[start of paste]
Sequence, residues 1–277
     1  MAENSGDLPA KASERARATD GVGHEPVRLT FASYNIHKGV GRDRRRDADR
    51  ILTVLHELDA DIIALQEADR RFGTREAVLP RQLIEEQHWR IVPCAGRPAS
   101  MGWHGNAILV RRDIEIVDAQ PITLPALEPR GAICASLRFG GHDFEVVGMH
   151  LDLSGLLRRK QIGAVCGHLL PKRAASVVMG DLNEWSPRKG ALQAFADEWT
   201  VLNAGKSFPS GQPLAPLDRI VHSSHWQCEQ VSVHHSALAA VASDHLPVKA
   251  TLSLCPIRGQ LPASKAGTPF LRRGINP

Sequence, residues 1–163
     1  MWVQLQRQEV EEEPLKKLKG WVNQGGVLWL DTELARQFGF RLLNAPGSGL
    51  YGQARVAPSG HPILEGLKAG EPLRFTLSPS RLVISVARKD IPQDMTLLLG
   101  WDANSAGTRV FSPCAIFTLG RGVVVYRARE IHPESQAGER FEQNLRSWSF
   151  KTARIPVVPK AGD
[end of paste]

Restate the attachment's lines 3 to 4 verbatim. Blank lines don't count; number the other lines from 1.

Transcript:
    51  ILTVLHELDA DIIALQEADR RFGTREAVLP RQLIEEQHWR IVPCAGRPAS
   101  MGWHGNAILV RRDIEIVDAQ PITLPALEPR GAICASLRFG GHDFEVVGMH